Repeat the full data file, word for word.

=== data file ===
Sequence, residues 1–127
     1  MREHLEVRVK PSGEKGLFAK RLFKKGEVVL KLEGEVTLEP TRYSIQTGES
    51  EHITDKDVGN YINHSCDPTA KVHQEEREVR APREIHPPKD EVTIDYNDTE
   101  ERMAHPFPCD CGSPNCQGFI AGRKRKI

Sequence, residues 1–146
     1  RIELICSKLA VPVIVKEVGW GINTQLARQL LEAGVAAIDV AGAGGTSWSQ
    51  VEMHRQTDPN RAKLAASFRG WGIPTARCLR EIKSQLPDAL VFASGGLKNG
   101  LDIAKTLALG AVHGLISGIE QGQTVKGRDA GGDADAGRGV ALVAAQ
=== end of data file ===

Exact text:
Sequence, residues 1–127
     1  MREHLEVRVK PSGEKGLFAK RLFKKGEVVL KLEGEVTLEP TRYSIQTGES
    51  EHITDKDVGN YINHSCDPTA KVHQEEREVR APREIHPPKD EVTIDYNDTE
   101  ERMAHPFPCD CGSPNCQGFI AGRKRKI

Sequence, residues 1–146
     1  RIELICSKLA VPVIVKEVGW GINTQLARQL LEAGVAAIDV AGAGGTSWSQ
    51  VEMHRQTDPN RAKLAASFRG WGIPTARCLR EIKSQLPDAL VFASGGLKNG
   101  LDIAKTLALG AVHGLISGIE QGQTVKGRDA GGDADAGRGV ALVAAQ